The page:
Officer’s Speech About Alleged Affair Not Constitutionally Protected

In Garcetti v. Ceballos, 547 U.S. 410 (2006), the Supreme Court held that if a public employee engages in speech “pursuant to job duties,” then the speech is unprotected by the First Amendment’s free speech guarantees. As the Supreme Court held, “the First Amendment protects a public employee’s right, in certain circumstances, to speak as a citizen addressing matters of public concern. It is well established, however, that a public employee speaking in his official capacity is not speaking as a citizen for First Amendment purposes.”

A New York police officer learned first-hand the broad sweep of the Garcetti rule when the federal Second Circuit Court of Appeals dismissed his lawsuit against his employer. Brian Platt had worked for the Village of Southampton. He was fired after he decided to report an allegedly improper relationship between then-Police Lt. William Wilson, Jr. and Seasonal Police Officer Kim McMahon. Platt discussed his concerns with Village Trustee Harald Steudte.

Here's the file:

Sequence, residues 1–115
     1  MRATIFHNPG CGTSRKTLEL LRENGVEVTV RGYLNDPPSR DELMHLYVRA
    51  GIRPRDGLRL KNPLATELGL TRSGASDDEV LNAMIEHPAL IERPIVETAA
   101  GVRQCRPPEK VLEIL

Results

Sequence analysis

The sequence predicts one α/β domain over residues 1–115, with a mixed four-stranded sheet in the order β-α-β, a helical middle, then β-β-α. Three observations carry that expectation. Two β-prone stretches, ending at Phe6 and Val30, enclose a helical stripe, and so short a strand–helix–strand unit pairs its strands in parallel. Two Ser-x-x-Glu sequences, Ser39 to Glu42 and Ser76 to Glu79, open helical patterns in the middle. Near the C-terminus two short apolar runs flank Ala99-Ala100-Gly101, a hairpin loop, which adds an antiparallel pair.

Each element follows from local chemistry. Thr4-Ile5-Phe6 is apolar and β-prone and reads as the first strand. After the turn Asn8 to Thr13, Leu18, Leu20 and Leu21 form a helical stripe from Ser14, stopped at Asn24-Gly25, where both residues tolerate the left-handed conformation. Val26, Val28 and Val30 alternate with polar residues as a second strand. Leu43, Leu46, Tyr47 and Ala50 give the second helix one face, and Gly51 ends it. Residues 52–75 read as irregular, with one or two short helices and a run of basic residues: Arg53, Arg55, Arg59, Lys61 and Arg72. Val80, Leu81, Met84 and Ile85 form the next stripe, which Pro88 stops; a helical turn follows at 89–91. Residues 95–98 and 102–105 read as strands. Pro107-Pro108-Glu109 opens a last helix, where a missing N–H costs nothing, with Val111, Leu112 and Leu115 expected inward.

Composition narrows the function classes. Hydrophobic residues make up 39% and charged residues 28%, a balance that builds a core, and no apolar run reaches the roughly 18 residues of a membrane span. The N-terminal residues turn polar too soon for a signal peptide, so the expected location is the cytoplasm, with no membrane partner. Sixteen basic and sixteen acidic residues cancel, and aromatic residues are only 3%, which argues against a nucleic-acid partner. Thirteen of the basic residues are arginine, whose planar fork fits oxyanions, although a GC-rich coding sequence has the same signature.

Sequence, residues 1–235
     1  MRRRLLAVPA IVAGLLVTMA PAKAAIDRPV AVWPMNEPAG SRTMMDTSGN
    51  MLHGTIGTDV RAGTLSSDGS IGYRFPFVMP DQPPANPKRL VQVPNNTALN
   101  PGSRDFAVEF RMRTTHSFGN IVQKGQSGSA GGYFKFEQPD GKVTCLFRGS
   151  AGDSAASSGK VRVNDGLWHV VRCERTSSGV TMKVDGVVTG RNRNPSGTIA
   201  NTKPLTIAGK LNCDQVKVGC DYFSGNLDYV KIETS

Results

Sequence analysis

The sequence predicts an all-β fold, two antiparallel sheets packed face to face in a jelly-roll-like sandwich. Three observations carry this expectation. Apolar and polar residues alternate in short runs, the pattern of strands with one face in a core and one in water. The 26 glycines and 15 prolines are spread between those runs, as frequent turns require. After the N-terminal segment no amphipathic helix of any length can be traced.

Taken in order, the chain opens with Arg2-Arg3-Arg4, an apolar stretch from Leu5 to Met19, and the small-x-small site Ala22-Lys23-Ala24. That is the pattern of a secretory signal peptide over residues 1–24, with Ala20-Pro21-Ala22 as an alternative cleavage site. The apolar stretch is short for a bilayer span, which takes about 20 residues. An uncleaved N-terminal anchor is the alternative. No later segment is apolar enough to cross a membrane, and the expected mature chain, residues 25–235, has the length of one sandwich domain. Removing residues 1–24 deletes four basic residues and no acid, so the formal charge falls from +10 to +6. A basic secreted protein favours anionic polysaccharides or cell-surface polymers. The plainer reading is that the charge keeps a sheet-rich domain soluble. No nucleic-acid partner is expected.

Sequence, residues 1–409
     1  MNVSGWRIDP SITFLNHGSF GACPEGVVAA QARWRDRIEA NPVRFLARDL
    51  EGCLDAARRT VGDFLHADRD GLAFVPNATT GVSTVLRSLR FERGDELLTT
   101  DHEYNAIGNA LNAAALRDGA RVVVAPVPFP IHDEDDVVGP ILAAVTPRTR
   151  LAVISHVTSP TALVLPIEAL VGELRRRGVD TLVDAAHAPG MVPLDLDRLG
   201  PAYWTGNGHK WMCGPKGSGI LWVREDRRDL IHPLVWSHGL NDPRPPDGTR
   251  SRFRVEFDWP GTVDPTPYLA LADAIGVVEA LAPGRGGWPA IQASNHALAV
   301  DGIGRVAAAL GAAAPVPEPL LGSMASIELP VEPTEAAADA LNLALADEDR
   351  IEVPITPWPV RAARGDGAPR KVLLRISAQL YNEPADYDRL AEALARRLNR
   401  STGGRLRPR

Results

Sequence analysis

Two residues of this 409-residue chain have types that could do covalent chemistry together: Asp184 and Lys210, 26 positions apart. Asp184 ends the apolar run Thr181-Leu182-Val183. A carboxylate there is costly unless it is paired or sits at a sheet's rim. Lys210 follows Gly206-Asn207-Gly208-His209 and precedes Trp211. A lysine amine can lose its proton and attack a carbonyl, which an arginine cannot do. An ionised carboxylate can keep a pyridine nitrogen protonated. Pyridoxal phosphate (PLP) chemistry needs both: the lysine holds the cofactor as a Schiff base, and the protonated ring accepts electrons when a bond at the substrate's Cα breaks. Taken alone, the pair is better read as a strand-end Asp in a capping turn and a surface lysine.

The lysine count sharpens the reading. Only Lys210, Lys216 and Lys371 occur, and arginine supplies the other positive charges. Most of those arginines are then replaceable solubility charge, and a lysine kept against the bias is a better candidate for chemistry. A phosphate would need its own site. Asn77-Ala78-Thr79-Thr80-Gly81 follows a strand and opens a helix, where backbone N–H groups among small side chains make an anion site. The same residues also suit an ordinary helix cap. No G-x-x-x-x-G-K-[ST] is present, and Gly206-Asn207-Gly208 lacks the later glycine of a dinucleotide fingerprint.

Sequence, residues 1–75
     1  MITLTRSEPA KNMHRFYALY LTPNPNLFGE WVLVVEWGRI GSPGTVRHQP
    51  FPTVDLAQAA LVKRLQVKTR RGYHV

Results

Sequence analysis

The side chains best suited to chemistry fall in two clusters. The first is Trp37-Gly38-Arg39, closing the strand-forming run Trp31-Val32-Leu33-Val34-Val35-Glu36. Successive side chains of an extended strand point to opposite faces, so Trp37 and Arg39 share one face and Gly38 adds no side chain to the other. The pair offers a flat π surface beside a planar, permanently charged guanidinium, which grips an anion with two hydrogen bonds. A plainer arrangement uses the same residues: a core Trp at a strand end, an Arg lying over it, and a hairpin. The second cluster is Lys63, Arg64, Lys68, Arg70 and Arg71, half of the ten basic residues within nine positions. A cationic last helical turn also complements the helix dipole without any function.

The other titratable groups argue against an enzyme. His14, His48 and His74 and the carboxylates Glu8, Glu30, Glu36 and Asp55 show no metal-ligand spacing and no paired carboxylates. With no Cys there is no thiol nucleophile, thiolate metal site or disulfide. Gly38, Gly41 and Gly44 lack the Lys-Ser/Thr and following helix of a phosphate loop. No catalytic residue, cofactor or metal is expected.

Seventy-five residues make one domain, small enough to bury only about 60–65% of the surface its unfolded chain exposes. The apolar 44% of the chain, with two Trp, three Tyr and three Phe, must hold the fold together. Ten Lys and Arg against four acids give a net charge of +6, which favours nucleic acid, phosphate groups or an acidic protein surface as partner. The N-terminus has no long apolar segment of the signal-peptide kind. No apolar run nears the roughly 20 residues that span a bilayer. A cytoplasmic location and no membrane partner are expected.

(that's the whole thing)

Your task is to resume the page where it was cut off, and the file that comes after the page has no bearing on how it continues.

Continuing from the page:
The Court found that, to the extent Platt’s conversation with Steudte raised issues of public concern, those issues related solely to his work as a police officer and the adverse impact of Lt. Wilson’s relationship with Officer McMahon on public safety concerns in Southampton. “We cannot say that a police officer speaking to a public official about his concerns over public safety issues is speaking in his capacity as a citizen, as opposed to his capacity as a police officer.”

Platt v. Incorporated Village of Southampton, 2010 WL 3393738 (2d Cir. 2010).

This article appears in the December 2010 issue